Sub-Challenge #1

Challenge name

The signal forecast: generalizability of diffusion signal representations

Purpose and relevance of the challenge

With this challenge we aim to understand the current ability of the field at describing the signal measured in diffusion MRI. The challenge consists of a number of signals sampled from datasets acquired in human and mice with different diffusion sequences. Participants will be provided with a subsampled set of the acquired data and are asked to predict the remaining – unseen – data. The acquired data includes different types of acquisition strategies, such as multi-shell and DSI-like pulsed gradient spin-echo (PGSE) [1], as well as double diffusion encoding (DDE) [2] and double oscillating diffusion encoding (DODE) [3], suitable for a large number of fit approaches. The outcome of this challenge will allow to objectively evaluate the generalizability and appropriateness of current techniques.

 

Datasets

The challenge includes in-vivo brain data sampled with PGSE in a human volunteer, and with DDE / DODE in mice, ex-vivo.

The two provided datasets are composed as follows:

  • PGSE. A subset of the data measured in five voxels, representative of different tissue configurations, extracted from the MASSIVE dataset4 (3820 unique diffusion-weighted volumes). The signals measured in each voxel include 2580 unique data points acquired with a multi-shell strategy, and 1240 data points acquired with a DSI-like strategy. The two acquisitions were collected in 19 separate sessions. The multi-shell and the DSI-like sequence were NOT performed with identical imaging parameters, but with identical diffusion gradients settings. Participants can choose whether they prefer to work with the multi-shell or the DSI-like acquisition.
  • DDE and DODE. A subset of the data from five voxels acquired in a mouse brain, representative of different tissue configurations will be provided. The full dataset consists of DDE with 2 different diffusion times and DODE with 5 different frequencies, with 5 b- values and 72 directions each (2520 diffusion weighted volumes in total).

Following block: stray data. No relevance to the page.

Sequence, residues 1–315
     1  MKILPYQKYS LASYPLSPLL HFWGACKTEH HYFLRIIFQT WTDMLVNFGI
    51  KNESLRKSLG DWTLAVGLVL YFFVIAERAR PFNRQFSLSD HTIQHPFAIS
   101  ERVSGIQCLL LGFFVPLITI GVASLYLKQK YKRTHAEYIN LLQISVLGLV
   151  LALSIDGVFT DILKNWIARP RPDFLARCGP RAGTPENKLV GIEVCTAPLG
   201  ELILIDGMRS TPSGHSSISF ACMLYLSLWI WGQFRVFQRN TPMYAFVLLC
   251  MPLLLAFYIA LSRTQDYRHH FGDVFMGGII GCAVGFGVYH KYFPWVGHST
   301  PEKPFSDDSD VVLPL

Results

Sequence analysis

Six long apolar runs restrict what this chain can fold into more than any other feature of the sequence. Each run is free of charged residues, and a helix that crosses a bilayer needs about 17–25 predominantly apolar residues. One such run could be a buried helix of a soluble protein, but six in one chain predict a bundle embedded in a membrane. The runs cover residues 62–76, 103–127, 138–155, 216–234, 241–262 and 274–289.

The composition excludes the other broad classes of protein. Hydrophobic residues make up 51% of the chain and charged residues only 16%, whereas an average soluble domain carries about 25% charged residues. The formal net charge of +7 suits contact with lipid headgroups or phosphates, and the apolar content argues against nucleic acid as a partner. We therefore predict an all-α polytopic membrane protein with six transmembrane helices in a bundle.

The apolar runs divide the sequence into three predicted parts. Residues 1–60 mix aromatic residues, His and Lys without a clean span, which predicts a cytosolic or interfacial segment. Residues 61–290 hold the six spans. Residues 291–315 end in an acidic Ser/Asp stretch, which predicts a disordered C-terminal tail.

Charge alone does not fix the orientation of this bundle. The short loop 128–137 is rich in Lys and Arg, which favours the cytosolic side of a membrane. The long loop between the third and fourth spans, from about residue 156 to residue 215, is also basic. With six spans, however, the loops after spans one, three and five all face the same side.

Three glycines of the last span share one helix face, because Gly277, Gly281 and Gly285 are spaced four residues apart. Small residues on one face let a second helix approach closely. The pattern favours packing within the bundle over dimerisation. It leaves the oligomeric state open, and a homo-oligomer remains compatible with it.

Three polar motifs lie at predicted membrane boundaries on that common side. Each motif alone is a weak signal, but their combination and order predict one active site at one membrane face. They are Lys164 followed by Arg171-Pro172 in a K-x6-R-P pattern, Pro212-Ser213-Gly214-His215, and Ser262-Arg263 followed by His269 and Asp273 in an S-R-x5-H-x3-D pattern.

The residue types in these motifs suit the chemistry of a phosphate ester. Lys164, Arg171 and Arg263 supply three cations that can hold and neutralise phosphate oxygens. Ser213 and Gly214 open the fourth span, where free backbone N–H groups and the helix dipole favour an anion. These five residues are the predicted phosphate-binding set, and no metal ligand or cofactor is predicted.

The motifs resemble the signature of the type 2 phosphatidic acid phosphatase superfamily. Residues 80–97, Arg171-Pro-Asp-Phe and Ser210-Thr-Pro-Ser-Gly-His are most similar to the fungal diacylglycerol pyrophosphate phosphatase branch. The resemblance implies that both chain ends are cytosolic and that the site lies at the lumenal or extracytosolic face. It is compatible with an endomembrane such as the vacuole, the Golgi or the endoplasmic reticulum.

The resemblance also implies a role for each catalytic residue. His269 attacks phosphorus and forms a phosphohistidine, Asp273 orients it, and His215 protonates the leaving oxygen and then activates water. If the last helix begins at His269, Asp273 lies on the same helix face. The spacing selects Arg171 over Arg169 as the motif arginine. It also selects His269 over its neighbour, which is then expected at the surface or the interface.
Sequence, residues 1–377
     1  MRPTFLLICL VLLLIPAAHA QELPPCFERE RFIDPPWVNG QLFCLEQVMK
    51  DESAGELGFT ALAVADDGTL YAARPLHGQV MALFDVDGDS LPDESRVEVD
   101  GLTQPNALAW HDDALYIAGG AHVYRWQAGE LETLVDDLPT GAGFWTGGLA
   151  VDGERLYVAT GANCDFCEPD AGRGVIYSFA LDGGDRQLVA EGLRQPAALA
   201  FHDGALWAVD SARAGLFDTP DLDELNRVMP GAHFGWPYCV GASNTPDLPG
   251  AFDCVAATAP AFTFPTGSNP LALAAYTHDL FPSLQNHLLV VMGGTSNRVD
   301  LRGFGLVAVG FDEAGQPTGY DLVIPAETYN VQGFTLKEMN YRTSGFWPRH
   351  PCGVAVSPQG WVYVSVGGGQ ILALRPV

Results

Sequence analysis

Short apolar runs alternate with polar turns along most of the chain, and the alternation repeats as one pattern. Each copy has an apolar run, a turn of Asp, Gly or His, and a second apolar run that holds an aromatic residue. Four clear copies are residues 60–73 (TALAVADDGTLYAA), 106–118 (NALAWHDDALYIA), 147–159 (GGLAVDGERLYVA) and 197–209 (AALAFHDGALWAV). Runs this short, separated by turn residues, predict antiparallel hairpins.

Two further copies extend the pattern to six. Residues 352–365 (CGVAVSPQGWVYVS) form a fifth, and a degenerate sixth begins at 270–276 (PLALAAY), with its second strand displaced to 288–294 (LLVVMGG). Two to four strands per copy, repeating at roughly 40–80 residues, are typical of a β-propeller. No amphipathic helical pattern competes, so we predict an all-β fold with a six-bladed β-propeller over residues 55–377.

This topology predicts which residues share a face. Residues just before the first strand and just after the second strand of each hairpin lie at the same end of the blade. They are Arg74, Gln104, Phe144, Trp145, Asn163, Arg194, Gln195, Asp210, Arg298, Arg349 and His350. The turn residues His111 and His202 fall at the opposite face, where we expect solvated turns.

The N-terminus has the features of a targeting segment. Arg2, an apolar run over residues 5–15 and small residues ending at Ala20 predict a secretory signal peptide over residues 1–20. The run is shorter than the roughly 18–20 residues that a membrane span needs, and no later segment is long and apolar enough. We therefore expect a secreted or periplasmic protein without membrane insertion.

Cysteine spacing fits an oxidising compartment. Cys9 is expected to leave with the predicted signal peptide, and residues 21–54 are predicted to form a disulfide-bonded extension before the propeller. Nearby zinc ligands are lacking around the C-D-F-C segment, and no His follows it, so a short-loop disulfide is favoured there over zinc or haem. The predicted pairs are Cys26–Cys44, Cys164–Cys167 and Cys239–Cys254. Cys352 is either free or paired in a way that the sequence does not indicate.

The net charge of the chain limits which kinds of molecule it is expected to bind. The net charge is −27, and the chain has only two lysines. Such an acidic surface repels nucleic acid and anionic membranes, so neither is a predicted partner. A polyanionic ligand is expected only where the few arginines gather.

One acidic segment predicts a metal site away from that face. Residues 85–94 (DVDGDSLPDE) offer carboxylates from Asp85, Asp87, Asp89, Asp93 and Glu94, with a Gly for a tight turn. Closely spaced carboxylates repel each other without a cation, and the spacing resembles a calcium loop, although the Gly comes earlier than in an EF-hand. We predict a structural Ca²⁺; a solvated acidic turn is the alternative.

Link to Data : https://www.synapse.org/#!Team:3388308

Participation (Data given to the participants)

Participants will be provided with part of the measured signals for 5 different tissue configurations. Additionally, they will receive complete details of the acquisition protocol (imaging parameters, diffusion gradients properties) corresponding to the measured data, including both provided and unseen signals. Regarding multi-shell PGSE, we will provide, for each signal, 495 of the 2580 diffusion-weighted measurements, as well as 20 b = 0s/mm2. Regarding DSI-like PGSE, we provide 480 of the 1240 measured points and 20 b = 0s/mm2. The signals will be distributed in text format in separate files for each acquisition strategy, and do not correspond to the same voxels. For the DDE/DODE data we will provide data from 1 DDE and 3 DODE waveforms with 4 b-values and 72 directions each (1152 / 2520 measurements). Each text file will contain the signal in floating format, with each column representing a different signal, and each row a measurement. The acquisitions details of each measurement can be found in a companion text file “*_AcqParams.txt”. Sample scripts to load the data and the acquisitions details will be provided for popular working environments (MATLAB, Python, C/C++).